The Case of The Unexplained “TaskCanceledException” and Docker Broken Promise “works on my machine”?

Docker should eliminate the “works on my machine” problem once and for all, right?

Unhandled Exception: System.Threading.Tasks.TaskCanceledException: A task was canceled.

First of all, I am a big fan of Docker. Let me repeat.

I am a big fan of Docker.

Well, perhaps I should say, I am a big fan of the containers technology, to be precise. A little bit exaggerated, but I believe containers are the future. And I am not alone.

Why Docker?

From: https://www.docker.com/what-docker:

Docker packages applications and their dependencies together into an isolated container making them portable to any infrastructure. Eliminate the “works on my machine” problem once and for all.

So it’s like “build once run anywhere.” No more worries about missing dependencies during deployments. It should eliminate our concerns about compatibility on different various platforms.

My Use Case

Now let’s dive into my use case.

I had ASP.NET Core 1.1.4 application deployed to the cloud running Ubuntu 17.x. The application was using HttpClient to call other web services. Then I observed something weird in the log.

Unhandled Exception: System.Threading.Tasks.TaskCanceledException: A task was canceled.

I was able to repro it on every 10 minutes idle of the last HttpClient call. Then I figured out the minimal time required to repro was 4 minutes. I suspected that it had something to do with TCP/IP TIME_WAIT 240 seconds. Later, I upgraded the application to ASP.NET Core 2.0.3 with the hope that the problem would go away, but with no luck.

I know what is flashing into your mind right now. You would probably suggest me to read this post:

Well, no. It was not that infamous HttpClient usage problem. I have read a bunch of posts about HttpClient, including it’s potential DNS changes issue:

Then…

Oh wait, I’m using Docker! I should be able to repro it at my local machine, right?

So, back to the Docker promise: “works on my machine.”

Unfortunately, in this case I was not able to repro it at my local machine running the same Docker engine version 17.x on top of Windows 10. I even tried to set up a new vanilla Ubuntu VM. But still, I couldn’t repro it as well. I also confirmed that both cloud Ubuntu and my VM were using the same cURL version with curl --version.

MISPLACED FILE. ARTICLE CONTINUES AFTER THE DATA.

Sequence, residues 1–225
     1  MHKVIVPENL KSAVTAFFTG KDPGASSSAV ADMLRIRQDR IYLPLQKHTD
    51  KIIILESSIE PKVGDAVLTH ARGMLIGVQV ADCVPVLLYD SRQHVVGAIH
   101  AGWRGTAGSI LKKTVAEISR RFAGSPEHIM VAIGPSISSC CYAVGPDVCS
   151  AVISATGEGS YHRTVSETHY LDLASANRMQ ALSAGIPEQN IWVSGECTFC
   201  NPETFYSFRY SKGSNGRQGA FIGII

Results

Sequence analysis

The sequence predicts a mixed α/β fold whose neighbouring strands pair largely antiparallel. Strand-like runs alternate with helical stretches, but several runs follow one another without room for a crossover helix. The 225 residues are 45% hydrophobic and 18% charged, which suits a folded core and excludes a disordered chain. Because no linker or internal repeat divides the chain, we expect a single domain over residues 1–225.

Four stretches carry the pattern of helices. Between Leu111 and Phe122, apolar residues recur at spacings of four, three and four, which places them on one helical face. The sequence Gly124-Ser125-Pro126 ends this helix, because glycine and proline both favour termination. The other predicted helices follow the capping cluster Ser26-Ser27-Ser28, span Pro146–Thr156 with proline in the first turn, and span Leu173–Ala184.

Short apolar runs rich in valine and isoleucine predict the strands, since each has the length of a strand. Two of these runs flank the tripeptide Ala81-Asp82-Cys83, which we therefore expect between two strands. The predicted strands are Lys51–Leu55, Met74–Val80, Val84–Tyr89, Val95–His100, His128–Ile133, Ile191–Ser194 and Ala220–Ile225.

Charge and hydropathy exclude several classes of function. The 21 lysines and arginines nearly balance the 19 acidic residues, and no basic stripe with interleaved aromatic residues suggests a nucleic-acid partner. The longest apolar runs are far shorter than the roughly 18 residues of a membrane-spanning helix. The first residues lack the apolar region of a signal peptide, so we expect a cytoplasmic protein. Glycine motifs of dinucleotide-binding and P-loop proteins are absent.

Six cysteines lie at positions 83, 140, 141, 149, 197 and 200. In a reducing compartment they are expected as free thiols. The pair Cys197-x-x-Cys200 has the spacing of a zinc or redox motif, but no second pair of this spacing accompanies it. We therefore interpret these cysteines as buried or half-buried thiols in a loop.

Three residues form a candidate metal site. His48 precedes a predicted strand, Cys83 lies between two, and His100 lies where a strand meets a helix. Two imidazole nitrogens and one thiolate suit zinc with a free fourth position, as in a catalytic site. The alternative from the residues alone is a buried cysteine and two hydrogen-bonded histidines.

Image courtesy of https://blogs.gartner.com/richard-watson/ok-get-dockers-great/

Then I found the same issue reported on GitHub.

No perfect solution. At the time of this writing. But I don’t care anymore. 
Why? ASP.NET Core 2.1 is out. I performed the upgrade and switched to the new HttpClientFactory and its awesomeness has blown all the problems away, including those DNS changes problem. The problem might have related to the native handler libcurl. The new default from 2.1 is using SocketsHttpHandler to make behaviors on all platforms uniform.

You can always revert to the old behavior by setting the environment variable:

DOTNET_SYSTEM_NET_HTTP_USESOCKETSHTTPHANDLER=0

Source code:

https://github.com/dotnet/corefx/blob/master/src/System.Net.Http/src/System/Net/Http/HttpClientHandler.cs#L17-L37

But again, there’s no looking back.

Case closed!

Pssst! ASP.NET Core 2.1.1 is ultra fast!

(Some of you might notice that this post writing style is somewhat similar to Mark Russinovich’s old blog posts style. 😁 Yes, I am a fan of his!)


About Reacting to DNS changes:

Pooling of handlers is desirable as each handler typically manages its own underlying HTTP connections. This value defaults to 2 minutes:

https://github.com/aspnet/HttpClientFactory/blame/master/src/Microsoft.Extensions.Http/HttpClientFactoryOptions.cs#L19

As written in the comment section, the value should be chosen with an understanding of the application’s requirement to respond to changes in the network environment.



So that’s the weird behavior I was facing during the application development using Docker. Other than that, I am happy with the Docker. In fact, I can’t think of building a new application — especially .NET Core application — without using Docker now. Of course, depends on the requirements, we might have to put Serverless into consideration. Or perhaps, the best of both worlds with something like Serverless Microservices — Service Fabric Mesh?



Summary

Use of HttpClient in ASP.NET Core application prior to version 2.1 might give you different behaviors, even with the use of Docker containers. Upgrading to the latest ASP.NET Core 2.1 makes behaviors on all platforms uniform with the new default SockectsHttpHandler. Revert to old behavior is possible by setting environment variable:

DOTNET_SYSTEM_NET_HTTP_USESOCKETSHTTPHANDLER=0

You should upgrade to the ultra fast ASP.NET Core 2.1, too!


I only write about programming/technology in English and Japanese. If you follow me on Twitter I would try my best to not waste your time.😉

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